Home • Alternaria brassicicola
Photo of Alternaria brassicicola
Courtesy of Dr. Christopher Lawrence, Virginia Bioinformatics Institute, Virginia Tech


The genus Alternaria is comprised of many common saprophytic (derive nutrients from dead and/or decaying organic matter) and plant pathogenic species. Alternaria spores can be typically found in the air, soil, decaying plant material, wood, and foods. Alternaria brassicicola (Schweinitz, Wiltshire) is a ubiquitous plant pathogenic fungus but also exists as a saprophyte.


Alternaria brassicicola causes black spot disease (also called dark leaf spot) on virtually every important cultivated Brassica species including broccoli, cabbage, canola, and mustard. It is of worldwide economic importance resulting occasionally in 20-50% yield reductions in crops such as canola, mustard or rape. Like other diseases caused by Alternaria species, black spot appears on the leaves as necrotic lesions, which are often described as black and sooty with chlorotic yellow halos surrounding the lesion sites. Alternaria brassicicola, however, is not limited to infection of leaves, and can infect all parts of the plant including pods, seeds, and stems, and is of particular importance as a post-harvest disease. Alternaria brassicicola is considered a necrotrophic (causing death) plant pathogenic fungus and like other Alternaria species has been shown to secrete numerous toxic secondary metabolites and proteins that cause cell death via induction of apoptosis in plants or by directly damaging cells. Alternaria brassicicola has routinely been used as a model necrotrophic fungal pathogen in studies with Arabidopsis thaliana, also a weedy member of the Brassicaceae plant family. From a human health perspective, Alternaria brassicicola is representative of a genus of fungi that is considered one of the most potent sources of mold-derived allergens. Moreover, sensitization to Alternaria is also strongly associated with chronic respiratory diseases such as asthma and chronic rhinosinusitis.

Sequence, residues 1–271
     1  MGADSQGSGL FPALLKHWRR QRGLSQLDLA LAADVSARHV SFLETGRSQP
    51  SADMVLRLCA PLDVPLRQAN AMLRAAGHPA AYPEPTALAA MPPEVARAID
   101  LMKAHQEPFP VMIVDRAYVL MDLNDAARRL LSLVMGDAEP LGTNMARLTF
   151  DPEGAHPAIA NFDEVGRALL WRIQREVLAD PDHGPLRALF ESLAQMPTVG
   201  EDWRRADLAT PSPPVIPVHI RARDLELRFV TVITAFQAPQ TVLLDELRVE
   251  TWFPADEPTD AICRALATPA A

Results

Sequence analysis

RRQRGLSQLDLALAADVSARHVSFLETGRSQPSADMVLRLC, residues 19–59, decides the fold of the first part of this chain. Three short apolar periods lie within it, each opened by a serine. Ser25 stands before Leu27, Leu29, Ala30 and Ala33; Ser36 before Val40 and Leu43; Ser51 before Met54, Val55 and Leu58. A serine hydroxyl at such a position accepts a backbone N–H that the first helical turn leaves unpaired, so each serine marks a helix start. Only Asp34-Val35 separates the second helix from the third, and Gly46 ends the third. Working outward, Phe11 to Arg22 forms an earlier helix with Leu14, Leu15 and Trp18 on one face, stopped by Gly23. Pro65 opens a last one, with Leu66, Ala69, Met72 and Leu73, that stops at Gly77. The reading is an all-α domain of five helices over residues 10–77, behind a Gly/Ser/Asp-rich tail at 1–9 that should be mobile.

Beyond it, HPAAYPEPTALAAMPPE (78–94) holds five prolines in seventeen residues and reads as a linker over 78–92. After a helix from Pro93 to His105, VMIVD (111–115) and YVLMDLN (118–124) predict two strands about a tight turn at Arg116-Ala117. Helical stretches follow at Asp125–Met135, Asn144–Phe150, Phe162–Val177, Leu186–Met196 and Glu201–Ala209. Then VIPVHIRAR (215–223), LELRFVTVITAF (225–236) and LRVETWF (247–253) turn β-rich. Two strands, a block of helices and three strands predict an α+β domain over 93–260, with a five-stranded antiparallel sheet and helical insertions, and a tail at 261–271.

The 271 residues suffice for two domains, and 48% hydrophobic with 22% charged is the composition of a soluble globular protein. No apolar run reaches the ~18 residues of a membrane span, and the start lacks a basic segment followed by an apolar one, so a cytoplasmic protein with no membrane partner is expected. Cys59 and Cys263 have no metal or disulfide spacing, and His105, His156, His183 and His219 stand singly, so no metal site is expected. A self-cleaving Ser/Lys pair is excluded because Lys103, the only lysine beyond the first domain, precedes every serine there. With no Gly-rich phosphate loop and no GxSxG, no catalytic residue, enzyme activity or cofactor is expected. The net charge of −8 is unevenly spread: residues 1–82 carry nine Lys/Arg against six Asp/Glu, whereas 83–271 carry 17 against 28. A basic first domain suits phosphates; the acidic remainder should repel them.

See also Genome Institute at Washington University - Alternaria brassicicola

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